During his life there was a small incident in the distant Roman province of Judea that probably never even came to his attention. A thirty-year-old man named Jesus of Nazareth had caused some trouble. Local Jewish priests had insisted he be punished for claiming he was the Son of God and the Roman governor of the province, Pontius Pilate, had reluctantly agreed. Jesus was condemned to death as a common criminal. Crucifixion was a common punishment and the matter was soon forgotten — or so any Roman must have thought!

The Romans, who had many gods, for example, Neptune, Mars, Venus and Mercury, were tolerant of all other religions, with one major condition — Roman gods had to be honored as well. To both Jews and, later, Christians this was incompatible with their beliefs and a collision was inevitable. The Jews revolted in Judea and were put down, while the Christians had to practice their beliefs in secret.

The Roman Empire dominated the Western world for the next four hundred years and the Christians were persecuted for three hundred of these years. Their torture included being thrown into the arena, during gladiator fights, to be eaten by lions. But their faith never wavered and finally won over the Roman Emperor Constantine.


In 313 CE the whole Roman Empire including France, Spain and Britain became Christian.

Constantine had gained control of the Empire in 306 CE and built a new city in the East called Constantinople (now Istanbul). He transferred the capital there and the Roman Empire later split into the Eastern (Byzantium) and Western (Roman) Empire.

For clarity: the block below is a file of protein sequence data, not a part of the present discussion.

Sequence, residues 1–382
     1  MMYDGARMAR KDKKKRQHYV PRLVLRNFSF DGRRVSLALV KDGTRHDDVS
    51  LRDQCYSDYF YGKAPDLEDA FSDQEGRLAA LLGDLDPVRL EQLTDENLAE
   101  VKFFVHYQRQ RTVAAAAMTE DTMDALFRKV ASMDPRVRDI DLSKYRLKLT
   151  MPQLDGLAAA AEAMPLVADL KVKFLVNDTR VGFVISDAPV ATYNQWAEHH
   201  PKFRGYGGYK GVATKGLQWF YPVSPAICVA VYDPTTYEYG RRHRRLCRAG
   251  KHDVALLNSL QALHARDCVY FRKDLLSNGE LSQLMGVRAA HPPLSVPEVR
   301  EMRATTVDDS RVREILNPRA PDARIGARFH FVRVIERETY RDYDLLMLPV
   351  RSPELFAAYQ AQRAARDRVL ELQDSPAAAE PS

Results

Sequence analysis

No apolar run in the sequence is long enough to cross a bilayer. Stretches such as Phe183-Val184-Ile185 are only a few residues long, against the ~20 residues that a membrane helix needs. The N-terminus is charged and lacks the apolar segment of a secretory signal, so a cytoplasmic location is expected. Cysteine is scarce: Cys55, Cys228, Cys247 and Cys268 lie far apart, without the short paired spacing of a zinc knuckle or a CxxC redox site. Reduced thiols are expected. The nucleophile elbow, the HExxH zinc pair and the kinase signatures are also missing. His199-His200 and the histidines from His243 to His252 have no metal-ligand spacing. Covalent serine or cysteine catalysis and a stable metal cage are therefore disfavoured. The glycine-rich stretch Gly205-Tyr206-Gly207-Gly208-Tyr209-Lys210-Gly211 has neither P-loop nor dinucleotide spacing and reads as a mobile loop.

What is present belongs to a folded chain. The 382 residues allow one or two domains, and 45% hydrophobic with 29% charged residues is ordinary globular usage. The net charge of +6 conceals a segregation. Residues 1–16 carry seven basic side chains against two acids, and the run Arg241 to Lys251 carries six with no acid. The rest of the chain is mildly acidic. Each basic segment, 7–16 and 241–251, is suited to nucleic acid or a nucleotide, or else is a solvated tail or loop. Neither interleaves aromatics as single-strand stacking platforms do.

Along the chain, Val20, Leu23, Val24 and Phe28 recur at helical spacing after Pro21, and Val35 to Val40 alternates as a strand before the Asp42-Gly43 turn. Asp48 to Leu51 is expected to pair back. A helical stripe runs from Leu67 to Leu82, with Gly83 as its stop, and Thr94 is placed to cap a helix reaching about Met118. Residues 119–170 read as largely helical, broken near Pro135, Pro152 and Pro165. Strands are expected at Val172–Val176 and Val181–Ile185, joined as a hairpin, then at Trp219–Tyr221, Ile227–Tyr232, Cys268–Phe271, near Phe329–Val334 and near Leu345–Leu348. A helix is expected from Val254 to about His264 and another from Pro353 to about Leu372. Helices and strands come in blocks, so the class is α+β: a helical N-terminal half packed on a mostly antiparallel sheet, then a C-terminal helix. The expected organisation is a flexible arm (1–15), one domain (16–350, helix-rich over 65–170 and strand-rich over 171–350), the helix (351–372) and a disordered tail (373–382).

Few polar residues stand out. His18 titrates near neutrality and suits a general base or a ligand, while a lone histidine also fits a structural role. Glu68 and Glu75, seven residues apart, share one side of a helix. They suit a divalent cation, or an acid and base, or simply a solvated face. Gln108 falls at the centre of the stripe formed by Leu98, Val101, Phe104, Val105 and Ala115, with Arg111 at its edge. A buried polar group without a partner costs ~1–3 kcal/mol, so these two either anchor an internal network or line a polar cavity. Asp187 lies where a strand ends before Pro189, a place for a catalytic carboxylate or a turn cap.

In the West, Barbarian pressure from the North finally became too much for the Romans and in 455 Vandal Chief Genseric besieged Rome and the Roman Empire of the West collapsed. Constantinople (Byzantium) on the other hand, would last another thousand years. Surrounded by a great fortress it withstood attacks from savage Barbarians, Bulgarians, Vikings and especially Arabs. The Eastern Orthodox Christianity (still practiced in Russia, Greece and Eastern Europe) was centered on Byzantium, until 1453 when it fell to Muslim forces of the Ottoman Turks.

Europe, in the meantime, was fractured by Barbarian migrations. Vandals, Goths and Huns plunged the continent into the dark and middle ages from which it would not emerge until the 1400’s. The light of learning was kept burning by monasteries all over Europe, including in England and Ireland.

After the fall of Constantinople in 1453, many Byzantium scholars came to Western Europe and brought with them a great variety of ancient texts that gave a new perspective to many ancient teachings. Printed books were becoming available and the percentage of people able to read increased by leaps and bounds. Long-held beliefs were challenged and, starting in Italy, there was a great revival of learning with fresh approaches to art in all its forms. This Rebirth or “Renaissance” produced a stream of artists, architects and scientists. In this book we have room to study only two: Leonardo da Vinci and Michelangelo whose painting and sculpture is probably the most magnificent in the world.